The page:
About this image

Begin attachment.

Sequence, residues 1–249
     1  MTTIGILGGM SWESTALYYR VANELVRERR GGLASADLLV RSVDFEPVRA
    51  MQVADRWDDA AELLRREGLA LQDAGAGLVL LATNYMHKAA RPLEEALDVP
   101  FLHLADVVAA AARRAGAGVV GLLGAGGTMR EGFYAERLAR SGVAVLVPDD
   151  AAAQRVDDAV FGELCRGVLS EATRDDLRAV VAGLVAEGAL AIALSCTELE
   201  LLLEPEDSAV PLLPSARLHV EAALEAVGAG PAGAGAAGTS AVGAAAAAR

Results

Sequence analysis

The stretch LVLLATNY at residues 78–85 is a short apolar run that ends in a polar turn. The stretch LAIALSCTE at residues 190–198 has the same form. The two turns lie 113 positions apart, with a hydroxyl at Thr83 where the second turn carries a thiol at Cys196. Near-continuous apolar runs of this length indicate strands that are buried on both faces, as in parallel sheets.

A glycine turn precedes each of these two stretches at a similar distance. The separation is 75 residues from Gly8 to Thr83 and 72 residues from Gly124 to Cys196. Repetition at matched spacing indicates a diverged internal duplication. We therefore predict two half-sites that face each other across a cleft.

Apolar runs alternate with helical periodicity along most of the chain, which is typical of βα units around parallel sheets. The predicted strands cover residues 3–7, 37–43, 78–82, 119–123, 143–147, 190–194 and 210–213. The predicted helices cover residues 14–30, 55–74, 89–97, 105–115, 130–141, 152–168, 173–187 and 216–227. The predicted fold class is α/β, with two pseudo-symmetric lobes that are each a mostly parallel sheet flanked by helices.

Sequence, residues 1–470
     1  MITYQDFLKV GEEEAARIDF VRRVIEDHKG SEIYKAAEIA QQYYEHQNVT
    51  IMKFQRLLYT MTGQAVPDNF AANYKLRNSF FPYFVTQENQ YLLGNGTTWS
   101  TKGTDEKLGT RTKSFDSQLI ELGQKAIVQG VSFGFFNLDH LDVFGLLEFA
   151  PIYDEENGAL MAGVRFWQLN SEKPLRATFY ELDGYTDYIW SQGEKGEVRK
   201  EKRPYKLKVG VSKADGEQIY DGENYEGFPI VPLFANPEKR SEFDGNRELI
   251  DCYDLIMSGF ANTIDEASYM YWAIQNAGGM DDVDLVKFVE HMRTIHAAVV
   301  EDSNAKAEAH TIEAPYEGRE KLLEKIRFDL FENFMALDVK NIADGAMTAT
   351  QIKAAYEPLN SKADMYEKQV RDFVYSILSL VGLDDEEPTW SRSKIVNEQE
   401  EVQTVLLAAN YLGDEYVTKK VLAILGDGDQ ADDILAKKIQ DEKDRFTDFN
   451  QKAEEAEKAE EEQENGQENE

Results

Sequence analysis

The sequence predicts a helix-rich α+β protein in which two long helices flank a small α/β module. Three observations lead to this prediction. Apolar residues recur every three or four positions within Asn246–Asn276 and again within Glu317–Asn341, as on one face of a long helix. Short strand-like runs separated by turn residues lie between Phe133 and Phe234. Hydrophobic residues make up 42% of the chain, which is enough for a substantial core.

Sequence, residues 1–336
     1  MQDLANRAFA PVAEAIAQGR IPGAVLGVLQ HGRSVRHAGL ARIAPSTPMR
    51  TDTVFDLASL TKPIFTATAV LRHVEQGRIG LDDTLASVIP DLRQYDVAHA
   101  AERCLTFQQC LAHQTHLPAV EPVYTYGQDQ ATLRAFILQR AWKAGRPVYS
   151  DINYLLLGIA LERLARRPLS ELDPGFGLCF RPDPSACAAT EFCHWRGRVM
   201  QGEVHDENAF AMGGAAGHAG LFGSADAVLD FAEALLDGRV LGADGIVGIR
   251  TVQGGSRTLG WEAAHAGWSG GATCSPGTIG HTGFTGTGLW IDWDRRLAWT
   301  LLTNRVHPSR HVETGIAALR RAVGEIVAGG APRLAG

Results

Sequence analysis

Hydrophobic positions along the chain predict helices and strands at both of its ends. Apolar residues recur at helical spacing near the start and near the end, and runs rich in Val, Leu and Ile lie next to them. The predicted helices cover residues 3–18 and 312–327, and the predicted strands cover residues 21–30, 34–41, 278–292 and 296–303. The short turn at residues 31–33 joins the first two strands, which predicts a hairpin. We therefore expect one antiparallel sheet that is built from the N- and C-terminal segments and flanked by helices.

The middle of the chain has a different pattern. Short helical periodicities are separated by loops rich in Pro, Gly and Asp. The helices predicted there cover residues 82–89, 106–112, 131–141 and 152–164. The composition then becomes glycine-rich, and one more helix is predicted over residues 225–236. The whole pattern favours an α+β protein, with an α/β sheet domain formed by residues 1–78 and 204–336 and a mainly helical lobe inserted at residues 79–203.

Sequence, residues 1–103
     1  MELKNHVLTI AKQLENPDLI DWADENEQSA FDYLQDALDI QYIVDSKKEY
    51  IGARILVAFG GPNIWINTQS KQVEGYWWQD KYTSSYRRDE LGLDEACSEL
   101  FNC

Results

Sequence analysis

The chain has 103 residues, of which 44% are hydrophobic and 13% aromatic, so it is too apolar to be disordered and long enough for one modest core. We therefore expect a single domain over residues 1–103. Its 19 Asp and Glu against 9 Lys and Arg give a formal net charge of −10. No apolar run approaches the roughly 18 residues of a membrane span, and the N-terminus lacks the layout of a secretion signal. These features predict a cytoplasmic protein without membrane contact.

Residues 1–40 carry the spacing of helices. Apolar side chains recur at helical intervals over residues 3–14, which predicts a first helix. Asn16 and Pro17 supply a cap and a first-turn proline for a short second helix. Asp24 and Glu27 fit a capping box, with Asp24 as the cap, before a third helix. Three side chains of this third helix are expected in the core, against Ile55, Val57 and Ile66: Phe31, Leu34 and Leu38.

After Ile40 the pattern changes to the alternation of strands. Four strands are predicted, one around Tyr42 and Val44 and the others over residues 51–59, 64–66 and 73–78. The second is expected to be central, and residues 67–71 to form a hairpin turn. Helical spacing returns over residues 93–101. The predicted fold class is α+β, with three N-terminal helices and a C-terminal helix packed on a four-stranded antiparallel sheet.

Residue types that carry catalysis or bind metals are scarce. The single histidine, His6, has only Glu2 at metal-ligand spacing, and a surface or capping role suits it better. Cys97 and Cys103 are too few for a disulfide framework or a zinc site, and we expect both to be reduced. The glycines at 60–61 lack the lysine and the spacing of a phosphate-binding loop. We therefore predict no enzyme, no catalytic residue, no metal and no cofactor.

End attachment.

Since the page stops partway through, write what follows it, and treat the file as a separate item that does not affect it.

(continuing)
This is one of the Conduit Houses serving Bolsover Castle. It was erected in the early 17th century and moved to it's present position in 1931. The following is part of an article which appeared in the Bolsover Advertiser around September-October 1984. During 1930, Bolsover Urban District Council widened and surfaced New Station Road, which until then was very rough and stony with rainwater channels and loose chippings on the surface. The footpath was formed with wooden railway sleepers, each laying end to end from the Bainbridge Hall property to where the road joins Langwith Road. The surface of the footpath was constantly surfaced with boiler ashes. The conduit house (locally called a watch tower) was situated partly on the steep crag side on the left of the road, permission to move it being required from the Duke of Portland (the then owner of the Conduit House, as part of his property, Bolsover Castle). The aim was to move it across to the right hand side of the road onto a newly made plinth which formed part of a retaining wall built to hold up the extra infilling for the wider road. The crags to the left were dug away to help widen the road, then supported with a magnesium limestone retaining wall. The whole contract was performed by Mr Schilling of Limekiln Fields, Bolsover, and finished by January 1931. Much of the labour used was taken from the ranks of the unemployed. The Duke of Portland visited the scene several times to inspect the conduit house and ensure that it wasn't damaged.